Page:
Temporal range: 36–27Ma Late Eocene - Early Oligocene
Arsinoitherium is an extinct genus of paenungulate mammal related to elephants, sirenians, hyraxes and the extinct desmostylians, as well as to other extinct embrithopods. These species were elephant-like herbivores that lived during the late Eocene and the early Oligocene of northern Africa from 36 to 30 million years ago, in areas of tropical rainforest and at the margin of mangrove swamps. A newly discovered species, Arsinoitherium giganteum, lived in Ethiopia ~27 million years ago.
The generic name Arsinoitherium comes from Queen Arsinoe after whom the Fayum, the region in which the fossils were found, was called during Ptolemaic times, and the Greek: θηρίον (therion), "beast". The species epithet of the type species, A. zitteli, was given to it in honor of the eminent German paleontologist Karl Alfred von Zittel, regarded by some as the pioneer of paleontology in Egypt.
Discovery and fossil relatives
While the Fayum Oasis is the only site where complete skeletons of Arsinoitherium fossils were recovered, remnants of earlier relatives have been found in south-eastern Europe and Mongolia, in the form of jaw fragments. These earlier arsinoitheres have yet to be formally described. The best known (and first described) species is A. zitteli. A second species, A. giganteum, was discovered in the Ethiopian highlands of Chilga in 2003. The fossil teeth, far larger than those of A. zitteli, date back to around 28-27 million years ago The Mongolian material has been named Radinskya yupingae, while the European material has been given the nomen dubium of Crivadiatherium iliescui, and the Turkish material has been named Palaeoamasia kansui (also nomen dubium).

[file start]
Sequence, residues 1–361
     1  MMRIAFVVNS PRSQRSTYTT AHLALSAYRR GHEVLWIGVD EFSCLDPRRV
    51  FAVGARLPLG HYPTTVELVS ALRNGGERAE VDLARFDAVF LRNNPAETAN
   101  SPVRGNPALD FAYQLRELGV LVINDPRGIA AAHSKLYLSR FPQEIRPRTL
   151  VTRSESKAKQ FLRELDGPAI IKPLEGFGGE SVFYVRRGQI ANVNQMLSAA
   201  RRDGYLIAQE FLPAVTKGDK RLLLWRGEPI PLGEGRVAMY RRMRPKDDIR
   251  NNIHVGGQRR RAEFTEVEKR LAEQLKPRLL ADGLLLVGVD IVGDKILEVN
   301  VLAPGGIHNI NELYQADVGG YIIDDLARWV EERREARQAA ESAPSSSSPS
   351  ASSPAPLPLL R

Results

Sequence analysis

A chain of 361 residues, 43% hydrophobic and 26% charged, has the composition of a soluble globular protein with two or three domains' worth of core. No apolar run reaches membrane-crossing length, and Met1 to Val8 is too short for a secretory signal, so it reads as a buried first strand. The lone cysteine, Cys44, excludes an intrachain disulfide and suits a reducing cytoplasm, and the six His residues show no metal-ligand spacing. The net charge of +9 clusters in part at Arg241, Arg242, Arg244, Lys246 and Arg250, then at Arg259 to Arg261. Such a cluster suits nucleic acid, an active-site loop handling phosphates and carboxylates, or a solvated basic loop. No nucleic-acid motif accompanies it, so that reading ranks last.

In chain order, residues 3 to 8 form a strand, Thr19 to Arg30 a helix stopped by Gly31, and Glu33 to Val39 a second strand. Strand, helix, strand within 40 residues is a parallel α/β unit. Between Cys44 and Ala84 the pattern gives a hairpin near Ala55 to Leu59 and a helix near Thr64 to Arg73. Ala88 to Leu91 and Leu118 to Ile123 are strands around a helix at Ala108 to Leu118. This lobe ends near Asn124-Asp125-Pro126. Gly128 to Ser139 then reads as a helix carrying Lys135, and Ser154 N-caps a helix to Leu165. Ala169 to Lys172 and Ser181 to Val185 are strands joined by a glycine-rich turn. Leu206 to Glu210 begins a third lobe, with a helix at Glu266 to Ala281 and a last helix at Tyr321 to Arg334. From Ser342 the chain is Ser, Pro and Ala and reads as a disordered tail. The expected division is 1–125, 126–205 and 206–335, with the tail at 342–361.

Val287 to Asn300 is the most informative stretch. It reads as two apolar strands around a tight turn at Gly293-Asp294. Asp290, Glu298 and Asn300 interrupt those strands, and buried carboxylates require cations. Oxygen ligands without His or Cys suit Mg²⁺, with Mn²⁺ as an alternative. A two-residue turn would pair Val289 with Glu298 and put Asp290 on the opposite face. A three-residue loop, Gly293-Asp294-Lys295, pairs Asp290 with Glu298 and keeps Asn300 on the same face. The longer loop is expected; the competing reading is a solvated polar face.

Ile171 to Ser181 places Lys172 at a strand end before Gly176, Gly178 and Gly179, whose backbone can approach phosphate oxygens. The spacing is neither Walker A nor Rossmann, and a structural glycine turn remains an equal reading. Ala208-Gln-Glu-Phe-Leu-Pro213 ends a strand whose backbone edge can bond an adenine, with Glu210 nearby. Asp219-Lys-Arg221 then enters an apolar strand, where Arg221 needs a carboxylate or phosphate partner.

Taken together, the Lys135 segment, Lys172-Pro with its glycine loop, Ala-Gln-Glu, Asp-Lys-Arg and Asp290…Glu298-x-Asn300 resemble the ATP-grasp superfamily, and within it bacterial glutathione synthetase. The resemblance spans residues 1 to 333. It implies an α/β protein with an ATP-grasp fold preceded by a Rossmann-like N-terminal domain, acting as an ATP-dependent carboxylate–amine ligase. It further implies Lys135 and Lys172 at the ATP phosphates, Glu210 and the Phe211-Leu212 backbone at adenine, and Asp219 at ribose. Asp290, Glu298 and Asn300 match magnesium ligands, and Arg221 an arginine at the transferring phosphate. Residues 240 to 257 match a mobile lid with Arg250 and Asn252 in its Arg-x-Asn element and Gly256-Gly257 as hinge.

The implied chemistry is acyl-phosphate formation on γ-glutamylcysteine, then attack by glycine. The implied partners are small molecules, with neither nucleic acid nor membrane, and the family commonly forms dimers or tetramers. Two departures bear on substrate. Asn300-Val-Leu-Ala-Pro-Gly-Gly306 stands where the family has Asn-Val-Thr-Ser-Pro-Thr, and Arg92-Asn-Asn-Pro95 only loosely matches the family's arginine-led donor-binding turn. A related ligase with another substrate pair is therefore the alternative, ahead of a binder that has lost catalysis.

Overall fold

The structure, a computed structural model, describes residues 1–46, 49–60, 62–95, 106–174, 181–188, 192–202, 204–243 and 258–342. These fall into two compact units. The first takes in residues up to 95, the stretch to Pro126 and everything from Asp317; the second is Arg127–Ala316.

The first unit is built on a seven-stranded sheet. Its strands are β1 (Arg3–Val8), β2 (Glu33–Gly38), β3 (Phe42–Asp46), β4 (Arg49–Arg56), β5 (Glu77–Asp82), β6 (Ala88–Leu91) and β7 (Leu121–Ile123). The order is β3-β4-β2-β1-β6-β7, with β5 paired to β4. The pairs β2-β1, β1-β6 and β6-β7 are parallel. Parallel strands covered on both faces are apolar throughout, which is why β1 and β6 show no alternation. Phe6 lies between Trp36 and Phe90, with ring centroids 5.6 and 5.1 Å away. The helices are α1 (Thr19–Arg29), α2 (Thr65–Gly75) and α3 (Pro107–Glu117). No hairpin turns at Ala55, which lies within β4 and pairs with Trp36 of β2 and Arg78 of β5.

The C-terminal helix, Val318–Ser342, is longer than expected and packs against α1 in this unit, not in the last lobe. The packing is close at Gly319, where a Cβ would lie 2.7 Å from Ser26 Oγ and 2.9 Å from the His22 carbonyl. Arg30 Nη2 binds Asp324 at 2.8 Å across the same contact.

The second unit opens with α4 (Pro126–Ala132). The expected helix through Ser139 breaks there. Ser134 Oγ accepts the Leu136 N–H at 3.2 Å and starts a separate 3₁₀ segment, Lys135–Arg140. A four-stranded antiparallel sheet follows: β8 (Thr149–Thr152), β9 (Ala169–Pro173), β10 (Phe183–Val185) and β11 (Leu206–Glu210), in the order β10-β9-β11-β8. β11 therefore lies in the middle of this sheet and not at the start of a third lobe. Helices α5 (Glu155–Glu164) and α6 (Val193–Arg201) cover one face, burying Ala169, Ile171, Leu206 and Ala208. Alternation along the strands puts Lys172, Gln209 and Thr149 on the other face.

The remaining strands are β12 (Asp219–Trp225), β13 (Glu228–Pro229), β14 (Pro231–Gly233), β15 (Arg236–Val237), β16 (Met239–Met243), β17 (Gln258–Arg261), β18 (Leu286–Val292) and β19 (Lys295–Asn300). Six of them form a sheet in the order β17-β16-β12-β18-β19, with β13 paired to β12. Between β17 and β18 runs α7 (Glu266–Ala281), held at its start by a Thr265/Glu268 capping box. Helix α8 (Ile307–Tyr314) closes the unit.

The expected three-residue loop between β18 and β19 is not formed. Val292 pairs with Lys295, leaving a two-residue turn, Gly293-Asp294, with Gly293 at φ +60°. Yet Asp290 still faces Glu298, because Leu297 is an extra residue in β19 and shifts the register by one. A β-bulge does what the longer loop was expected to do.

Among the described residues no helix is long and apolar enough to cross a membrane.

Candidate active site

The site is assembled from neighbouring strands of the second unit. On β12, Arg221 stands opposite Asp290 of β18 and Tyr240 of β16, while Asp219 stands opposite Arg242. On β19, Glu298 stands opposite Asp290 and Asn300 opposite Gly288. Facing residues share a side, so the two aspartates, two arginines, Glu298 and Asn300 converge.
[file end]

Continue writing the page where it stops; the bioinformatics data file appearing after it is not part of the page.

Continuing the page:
When alive, they would have superficially resembled a rhinoceros and adults of the species A. zitteli stood around 1.75 m (5 ft 9 in) tall at the shoulders and 3 m (9 ft 10 in) in length. The most noticeable feature of Arsinoitherium were a pair of enormous horns above the nose and a second pair of tiny knob-like horns over the eyes. The skeleton is robust and the limbs were columnar similar to those of elephants, the hips were also elephant-like. Arsinoitherium had a full complement of 44 teeth, which is the primitive state of placental mammalian dentition, with characteristics suggesting that it was a selective browser.
- Beadnell, H.G.C. (1902). "A preliminary note on Arsinoitherium zitteli, Beadnell, from the Upper Eocene strata of Egypt". Public Works Ministry, National Printing Department (Cairo): 1–4.
- Sanders, W.J., Kappelman, J., and Rasmussen, D.T. 2004. New large−bodied mammals from the late Oligocene site of Chilga, Ethiopia. Acta Palaeontologica Polonica 49 (3): 365–392.
- Andrews, C.W. A descriptive catalogue of the Tertiary Vertebrata of the Fayûm. British Museum, London. Taylor and Francis. p. 324.
- Mondéjar-Fernández et al. (2008). "El género Arsinoitherium: catálogo de la colección inédita del Muséum d’Histoire Naturelle de París y el problema del número de especies". Palaeontologica Nova (in Spanish). SEPAZ (8): 292–304.
|Wikimedia Commons has media related to Arsinoitherium.|
- New fossils from Ethiopia open a window on Africa's 'missing years'
- Arsinoitherium fact file on BBC Science & Nature: Prehistoric Life
- Vincent L. Morgan and Spencer G. Lucas (2002). "Notes From Diary––Fayum Trip, 1907" (PDF). Bulletin 22. Albuquerque: New Mexico Museum of Natural History and Science. 148 pages, public domain. ISSN 1524-4156.